My Research of Liberia
In combining my personal experience and educational studies I have done a great deal of research to learn about this often forgotten and misunderstood nation. In doing so, I have closely examined Liberia’s relationship with the United States. To first understand how Liberia was created, I had to delve into the darkest realms of U.S. History—the Slavery era. The idea of re-colonization to Africa developed shortly after the U.S. Revolutionary War and it turned into ongoing discussion with U.S. Leaders starting with President Thomas Jefferson. As the United States of America was declaring their independence in 1776, there was a growing population of emancipated and free-born African Americans. This increase in population became the focal point of the discussion for a colony in Africa, because there were concerns and fears that the African Americans would not assimilate into this new independent nation.
After many decades of debate and financial constraints, this concept became a reality when President James Monroe signed the Anti-Slave Trade Act in 1819. This law authorized the President to resettle Africans rescued from captured slave ships by navy patrols to an American-sponsored colony in West Africa. Since this act appropriated $100,000 USD to establish this colony, it also paved the way for the immigration—under the auspicious oversight of groups like the American Colonization Society—of African Americans seeking freedom from their oppressive state. It was from this enactment of U.S law that prompted the new settlers to name the Monrovia after President Monroe.
Nearly two hundred years, Liberia and the U.S. have had a very strained “child-parent” relationship. During the nineteenth century, it took nearly two decades before the U.S.—in the midst of its own civil war—acknowledged Liberia’s Declaration of Independence of 1847, because of its entanglement with slavery in the southern states. During the twentieth century, there were times of collaboration as strategic allies during the two World Wars followed by the Cold War, and there were the times of separation as unapologetic foes during Liberia’s Civil War. Now during the twenty-first century, there seems to be stronger ties between these two nations in effort to rebuild Liberia into a self-sustaining country. Regardless of this historically strained relationship, the Liberian people continue to love and value their U.S. brothers and sisters.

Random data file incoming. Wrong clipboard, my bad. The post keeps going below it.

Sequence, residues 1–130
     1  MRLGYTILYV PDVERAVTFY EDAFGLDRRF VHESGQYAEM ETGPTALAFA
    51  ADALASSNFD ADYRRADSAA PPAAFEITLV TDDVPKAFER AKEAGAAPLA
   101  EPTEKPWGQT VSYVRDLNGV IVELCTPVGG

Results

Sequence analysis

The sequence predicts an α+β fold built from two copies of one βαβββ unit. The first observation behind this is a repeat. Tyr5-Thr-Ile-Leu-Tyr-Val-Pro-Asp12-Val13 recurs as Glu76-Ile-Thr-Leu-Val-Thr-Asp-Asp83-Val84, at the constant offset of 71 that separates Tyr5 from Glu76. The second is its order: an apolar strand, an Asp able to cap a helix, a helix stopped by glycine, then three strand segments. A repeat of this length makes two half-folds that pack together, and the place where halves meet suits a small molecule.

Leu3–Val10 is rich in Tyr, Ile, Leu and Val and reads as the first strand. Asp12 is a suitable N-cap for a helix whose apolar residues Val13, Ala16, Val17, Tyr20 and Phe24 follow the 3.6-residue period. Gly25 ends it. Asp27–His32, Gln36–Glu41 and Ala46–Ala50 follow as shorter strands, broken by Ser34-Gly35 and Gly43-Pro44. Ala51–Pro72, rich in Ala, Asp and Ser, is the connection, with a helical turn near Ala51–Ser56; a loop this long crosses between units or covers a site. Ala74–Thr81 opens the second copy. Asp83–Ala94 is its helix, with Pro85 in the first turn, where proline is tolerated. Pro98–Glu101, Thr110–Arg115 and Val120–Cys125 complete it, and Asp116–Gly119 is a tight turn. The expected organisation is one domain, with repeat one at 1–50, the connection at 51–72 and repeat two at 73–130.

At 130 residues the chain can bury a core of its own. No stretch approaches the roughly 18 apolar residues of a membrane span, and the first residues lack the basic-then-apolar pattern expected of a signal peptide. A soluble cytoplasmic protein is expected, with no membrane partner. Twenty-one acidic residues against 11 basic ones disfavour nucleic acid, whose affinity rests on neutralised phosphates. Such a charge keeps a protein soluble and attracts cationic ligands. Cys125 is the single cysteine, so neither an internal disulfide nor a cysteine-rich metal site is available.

As Liberia recovers from the destruction and debris left in the wake of its civil war, they are trying to rebuild their physical infrastructure, re-establish their rule of law, strength their education system, and energize their economy by promoting domestic and foreign investment. Rebuilding a country from the bottom up takes a great deal of time, human resources and money, and with some of these constraints Liberia continues to make noticeable improvements little by little. Yet, much more needs to be done to bring this country back to glory and have its people feel at home.
So, as Liberia moves forward with their post-war rehabilitation, I will post various topics that deal with these efforts and some of the challenges that might impede their progress. Also, I hope that these posts can open a thoughtful dialog where anyone can share ideas or experiences; because through information sharing, we are “Uniting Distant Stars”.
 Former President Taylor is on trial at The Hague for War Crimes committed in the Sierra Leone Civil War.
Welcome to Uniting Distant Stars. This blog will share my experiences as a U.S. citizen living and working in Liberia, West Africa. Some of the posts will include my involvement with climate change issues, human rights, non-profit (NGO) work, and anything else that deals with day-to-day life in this developing nation as it recovers from 14 years of civil war. It is the goal of Uniting Distant Stars that through information sharing more people will come to understand and appreciate this small tropical nation in West Africa since it is often omitted from the history books of its mother nation–the United States of America. It is through information sharing that we can unite these two distant nations who have suffered a long and difficult historic relationship.